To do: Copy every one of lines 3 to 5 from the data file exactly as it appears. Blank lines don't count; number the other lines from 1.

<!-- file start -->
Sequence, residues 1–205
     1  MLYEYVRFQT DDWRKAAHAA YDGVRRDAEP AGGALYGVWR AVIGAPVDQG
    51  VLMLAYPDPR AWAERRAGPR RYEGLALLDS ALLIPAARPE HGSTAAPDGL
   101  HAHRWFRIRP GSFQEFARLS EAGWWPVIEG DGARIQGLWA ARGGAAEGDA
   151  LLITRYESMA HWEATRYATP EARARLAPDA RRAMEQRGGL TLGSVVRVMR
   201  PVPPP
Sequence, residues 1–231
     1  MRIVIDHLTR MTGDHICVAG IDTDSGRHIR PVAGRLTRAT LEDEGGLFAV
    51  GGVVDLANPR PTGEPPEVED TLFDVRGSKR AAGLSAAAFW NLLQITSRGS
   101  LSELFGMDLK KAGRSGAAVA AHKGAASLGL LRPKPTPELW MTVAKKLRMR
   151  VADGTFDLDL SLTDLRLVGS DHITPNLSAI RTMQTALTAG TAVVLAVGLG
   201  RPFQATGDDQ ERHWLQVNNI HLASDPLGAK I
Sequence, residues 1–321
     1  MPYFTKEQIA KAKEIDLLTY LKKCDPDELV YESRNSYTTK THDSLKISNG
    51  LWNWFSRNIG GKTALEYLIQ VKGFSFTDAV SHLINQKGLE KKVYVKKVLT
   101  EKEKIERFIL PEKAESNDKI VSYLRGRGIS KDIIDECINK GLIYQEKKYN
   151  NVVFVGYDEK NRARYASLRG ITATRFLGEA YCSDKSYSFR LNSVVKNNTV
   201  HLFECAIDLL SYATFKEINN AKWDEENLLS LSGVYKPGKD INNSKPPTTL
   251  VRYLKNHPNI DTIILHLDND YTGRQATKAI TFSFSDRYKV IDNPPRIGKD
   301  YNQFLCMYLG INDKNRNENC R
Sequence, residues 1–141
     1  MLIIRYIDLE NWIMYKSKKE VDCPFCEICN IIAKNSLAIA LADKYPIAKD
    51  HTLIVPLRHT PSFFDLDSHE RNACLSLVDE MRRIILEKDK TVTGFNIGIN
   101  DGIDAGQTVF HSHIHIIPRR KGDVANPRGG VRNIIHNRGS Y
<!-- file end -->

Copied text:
    51  VLMLAYPDPR AWAERRAGPR RYEGLALLDS ALLIPAARPE HGSTAAPDGL
   101  HAHRWFRIRP GSFQEFARLS EAGWWPVIEG DGARIQGLWA ARGGAAEGDA
   151  LLITRYESMA HWEATRYATP EARARLAPDA RRAMEQRGGL TLGSVVRVMR